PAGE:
The Name of This Book Is Secret Review
Searching Saturday #9: Between 100-200 Pages
Searching Saturday #10: Person on the Cover
The Perks of Being a Wallflower Review
Emoji Book Tag
Searching Saturday #11: Set In Your Country



Since I got so many book off my last TBR done, my TBR for May will not seem as ambitious. So let’s get into it.

The Weight of This World ARC by David Joy

30763901Goodreads | Amazon

“Critically acclaimed author David Joy, whose debut, Where All Light Tends to Go, was hailed as “a savagely moving novel that will likely become an important addition to the great body of Southern literature” (The Huffington Post), returns to the mountains of North Carolina with a powerful story about the inescapable weight of the past.

A combat veteran returned from war, Thad Broom can’t leave the hardened world of Afghanistan behind, nor can he forgive himself for what he saw there. His mother, April, is haunted by her own demons, a secret trauma she has carried for years. Between them is Aiden McCall, loyal to both but unable to hold them together. Connected by bonds of circumstance and duty, friendship and love, these three lives are blown apart when Aiden and Thad witness the accidental death of their drug dealer and a riot of dope and cash drops in their laps. On a meth-fueled journey to nowhere, they will either find the grit to overcome the darkness or be consumed by it.” – Goodreads

This book came out in March and I have an ARC of it. Because my reading slump got me behind I’m trying to read it as soon as possible and as close to its release date as I can get it.

Gone Without a Trace by Mary Torjussen

31624992Goodreads | Amazon

A jaw-dropping novel of psychological suspense that asks, “If the love of your life disappeared without a trace, how far would you go to find out why? “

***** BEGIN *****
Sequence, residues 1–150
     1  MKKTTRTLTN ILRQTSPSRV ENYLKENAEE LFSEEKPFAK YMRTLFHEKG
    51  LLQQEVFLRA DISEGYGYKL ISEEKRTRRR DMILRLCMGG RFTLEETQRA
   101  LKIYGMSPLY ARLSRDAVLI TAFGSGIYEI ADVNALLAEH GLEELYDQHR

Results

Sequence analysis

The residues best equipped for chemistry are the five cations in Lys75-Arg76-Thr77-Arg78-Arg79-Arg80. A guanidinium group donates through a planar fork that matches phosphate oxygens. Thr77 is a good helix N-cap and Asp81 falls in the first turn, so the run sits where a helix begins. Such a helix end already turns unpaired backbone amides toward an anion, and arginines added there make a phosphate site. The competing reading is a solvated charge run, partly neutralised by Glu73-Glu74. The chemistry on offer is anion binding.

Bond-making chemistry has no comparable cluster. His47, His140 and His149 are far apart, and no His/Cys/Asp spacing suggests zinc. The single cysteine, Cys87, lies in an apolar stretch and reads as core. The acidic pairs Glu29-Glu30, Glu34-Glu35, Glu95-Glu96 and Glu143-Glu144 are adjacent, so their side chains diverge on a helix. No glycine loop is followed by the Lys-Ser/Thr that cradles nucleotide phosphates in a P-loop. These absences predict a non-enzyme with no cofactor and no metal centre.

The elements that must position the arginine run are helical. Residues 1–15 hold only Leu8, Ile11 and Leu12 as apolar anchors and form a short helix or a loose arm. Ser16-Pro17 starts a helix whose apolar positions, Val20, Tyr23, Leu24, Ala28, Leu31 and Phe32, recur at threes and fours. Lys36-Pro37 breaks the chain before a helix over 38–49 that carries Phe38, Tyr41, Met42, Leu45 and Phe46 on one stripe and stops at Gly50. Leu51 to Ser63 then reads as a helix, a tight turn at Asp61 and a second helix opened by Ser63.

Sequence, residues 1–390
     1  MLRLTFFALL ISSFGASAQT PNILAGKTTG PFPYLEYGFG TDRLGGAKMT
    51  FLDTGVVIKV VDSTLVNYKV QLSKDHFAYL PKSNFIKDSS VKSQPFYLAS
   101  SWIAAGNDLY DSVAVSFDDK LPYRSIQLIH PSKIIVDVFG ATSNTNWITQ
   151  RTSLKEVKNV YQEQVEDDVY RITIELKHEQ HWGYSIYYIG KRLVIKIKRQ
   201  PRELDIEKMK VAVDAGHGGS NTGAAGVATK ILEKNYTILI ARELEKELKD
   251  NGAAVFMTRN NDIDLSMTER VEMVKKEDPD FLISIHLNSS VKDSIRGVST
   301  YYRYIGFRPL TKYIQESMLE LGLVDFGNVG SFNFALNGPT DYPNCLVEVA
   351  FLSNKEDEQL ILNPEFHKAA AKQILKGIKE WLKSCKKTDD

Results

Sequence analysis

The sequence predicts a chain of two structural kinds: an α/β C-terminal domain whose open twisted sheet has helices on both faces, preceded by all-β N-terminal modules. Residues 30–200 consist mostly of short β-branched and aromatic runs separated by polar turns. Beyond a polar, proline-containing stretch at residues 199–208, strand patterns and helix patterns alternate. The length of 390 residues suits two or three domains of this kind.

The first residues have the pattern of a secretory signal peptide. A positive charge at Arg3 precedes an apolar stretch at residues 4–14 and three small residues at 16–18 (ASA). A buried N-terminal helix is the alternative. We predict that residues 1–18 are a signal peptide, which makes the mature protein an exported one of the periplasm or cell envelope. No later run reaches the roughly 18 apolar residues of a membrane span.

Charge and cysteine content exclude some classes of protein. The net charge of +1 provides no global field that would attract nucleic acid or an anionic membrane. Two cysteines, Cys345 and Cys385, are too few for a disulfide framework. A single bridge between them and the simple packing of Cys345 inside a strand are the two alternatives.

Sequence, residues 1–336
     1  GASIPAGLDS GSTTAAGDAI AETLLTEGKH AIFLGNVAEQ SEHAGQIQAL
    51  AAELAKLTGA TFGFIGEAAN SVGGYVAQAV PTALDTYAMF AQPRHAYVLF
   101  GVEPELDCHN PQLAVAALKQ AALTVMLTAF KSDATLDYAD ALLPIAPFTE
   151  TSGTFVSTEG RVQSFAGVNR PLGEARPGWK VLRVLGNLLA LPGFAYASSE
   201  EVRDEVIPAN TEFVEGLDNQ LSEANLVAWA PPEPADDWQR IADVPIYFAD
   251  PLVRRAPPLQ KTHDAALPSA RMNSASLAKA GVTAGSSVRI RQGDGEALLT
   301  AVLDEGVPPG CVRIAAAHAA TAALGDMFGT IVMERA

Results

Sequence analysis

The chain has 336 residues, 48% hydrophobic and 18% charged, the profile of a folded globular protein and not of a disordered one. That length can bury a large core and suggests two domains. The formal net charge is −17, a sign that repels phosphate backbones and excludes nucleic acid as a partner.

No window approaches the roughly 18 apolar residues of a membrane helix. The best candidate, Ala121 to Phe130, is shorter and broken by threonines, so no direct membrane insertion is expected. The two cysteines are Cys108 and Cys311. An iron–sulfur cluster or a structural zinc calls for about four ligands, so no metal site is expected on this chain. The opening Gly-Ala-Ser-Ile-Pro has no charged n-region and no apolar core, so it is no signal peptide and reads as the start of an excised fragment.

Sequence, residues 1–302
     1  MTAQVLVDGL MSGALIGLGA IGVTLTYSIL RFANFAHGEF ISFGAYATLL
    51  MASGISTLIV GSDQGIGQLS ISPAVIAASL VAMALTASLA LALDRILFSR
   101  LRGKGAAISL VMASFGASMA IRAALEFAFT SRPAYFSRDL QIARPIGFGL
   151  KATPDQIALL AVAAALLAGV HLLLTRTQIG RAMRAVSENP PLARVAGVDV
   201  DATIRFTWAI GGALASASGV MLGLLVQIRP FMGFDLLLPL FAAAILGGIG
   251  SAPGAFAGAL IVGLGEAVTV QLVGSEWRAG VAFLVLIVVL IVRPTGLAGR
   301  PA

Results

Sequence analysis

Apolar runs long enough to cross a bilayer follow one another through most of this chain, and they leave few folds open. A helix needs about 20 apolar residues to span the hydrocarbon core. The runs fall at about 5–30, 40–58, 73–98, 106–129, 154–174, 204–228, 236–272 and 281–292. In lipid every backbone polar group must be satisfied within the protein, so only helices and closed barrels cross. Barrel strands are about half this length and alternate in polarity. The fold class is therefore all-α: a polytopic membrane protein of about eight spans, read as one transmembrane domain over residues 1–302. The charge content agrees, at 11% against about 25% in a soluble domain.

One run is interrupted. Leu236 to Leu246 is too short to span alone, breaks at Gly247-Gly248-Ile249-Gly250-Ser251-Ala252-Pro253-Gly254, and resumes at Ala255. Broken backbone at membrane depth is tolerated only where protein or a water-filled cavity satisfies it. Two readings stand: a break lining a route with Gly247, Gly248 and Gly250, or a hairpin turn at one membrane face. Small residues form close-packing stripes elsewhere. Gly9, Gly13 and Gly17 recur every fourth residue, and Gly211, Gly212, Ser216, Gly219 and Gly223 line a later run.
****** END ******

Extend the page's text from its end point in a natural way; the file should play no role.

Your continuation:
Hannah Monroe’s boyfriend, Matt, is gone. His belongings have disappeared from their house. Every call she ever made to him, every text she ever sent, every photo of him and any sign of him on social media have vanished. It’s as though their last four years together never happened.

As Hannah struggles to get through the next few days, with humiliation and recriminations whirring through her head, she knows that she’ll do whatever it takes to find him again and get answers. But as soon as her search starts, she realizes she is being led into a maze of madness and obsession. Step by suspenseful step, Hannah discovers her only way out is to come face to face with the shocking truth…” – Goodreads

This is the same thing with the last book except this one just recently came out in April.

The Original Ginny Moon by Benjamin Ludwig

32195586Goodreads | Amazon

“Told in an extraordinary and wholly unique voice that will candidly take you into the mind of a curious and deeply human character.

For the first time in her life, Ginny Moon has found her “forever home”—a place where she’ll be safe and protected, with a family that will love and nurture her. It’s exactly the kind of home that all foster kids are hoping for. So why is this 14-year-old so desperate to get kidnapped by her abusive, drug-addict birth mother, Gloria, and return to a grim existence of hiding under the kitchen sink to avoid the authorities and her mother’s violent boyfriends?

While Ginny is pretty much your average teenager—she plays the flute in the school band, has weekly basketball practice and studies Robert Frost poems for English class—she is autistic. And so what’s important to Ginny includes starting every day with exactly nine grapes for breakfast, Michael Jackson, bacon-pineapple pizza and, most of all, getting back to Gloria so she can take care of her baby doll.

THE ORIGINAL GINNY MOON is a compulsively readable and touching novel about being an outsider trying to find a place to belong and making sense of a world that just doesn’t seem to add up.” – Goodreads

This ARC actually comes out in May so that is good, I hope to finally get to one in the same month. I’m also confused, looking for this book on Goodreads only gives me the same book but called “Ginny Moon”, my copy says “The Original Ginny Moon” (like the cover above) but hey, ARCs are ARCs because the can change.


That’s it! Have you read any of these books? What’s on your May TBR? What did you read in April? Comment down below – Kambria